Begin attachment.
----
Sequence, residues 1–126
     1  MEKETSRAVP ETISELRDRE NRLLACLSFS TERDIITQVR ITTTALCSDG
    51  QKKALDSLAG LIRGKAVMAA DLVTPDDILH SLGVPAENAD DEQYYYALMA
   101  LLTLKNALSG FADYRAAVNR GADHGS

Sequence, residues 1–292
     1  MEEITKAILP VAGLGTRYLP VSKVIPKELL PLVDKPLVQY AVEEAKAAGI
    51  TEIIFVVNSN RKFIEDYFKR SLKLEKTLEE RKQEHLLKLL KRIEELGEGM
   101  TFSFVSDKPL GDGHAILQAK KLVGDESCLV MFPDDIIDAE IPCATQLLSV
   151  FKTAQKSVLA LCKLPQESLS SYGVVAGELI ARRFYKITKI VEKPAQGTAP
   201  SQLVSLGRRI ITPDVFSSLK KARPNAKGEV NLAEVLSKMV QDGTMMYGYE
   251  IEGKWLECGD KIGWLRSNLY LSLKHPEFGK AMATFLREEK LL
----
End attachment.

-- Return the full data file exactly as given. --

Sequence, residues 1–126
     1  MEKETSRAVP ETISELRDRE NRLLACLSFS TERDIITQVR ITTTALCSDG
    51  QKKALDSLAG LIRGKAVMAA DLVTPDDILH SLGVPAENAD DEQYYYALMA
   101  LLTLKNALSG FADYRAAVNR GADHGS

Sequence, residues 1–292
     1  MEEITKAILP VAGLGTRYLP VSKVIPKELL PLVDKPLVQY AVEEAKAAGI
    51  TEIIFVVNSN RKFIEDYFKR SLKLEKTLEE RKQEHLLKLL KRIEELGEGM
   101  TFSFVSDKPL GDGHAILQAK KLVGDESCLV MFPDDIIDAE IPCATQLLSV
   151  FKTAQKSVLA LCKLPQESLS SYGVVAGELI ARRFYKITKI VEKPAQGTAP
   201  SQLVSLGRRI ITPDVFSSLK KARPNAKGEV NLAEVLSKMV QDGTMMYGYE
   251  IEGKWLECGD KIGWLRSNLY LSLKHPEFGK AMATFLREEK LL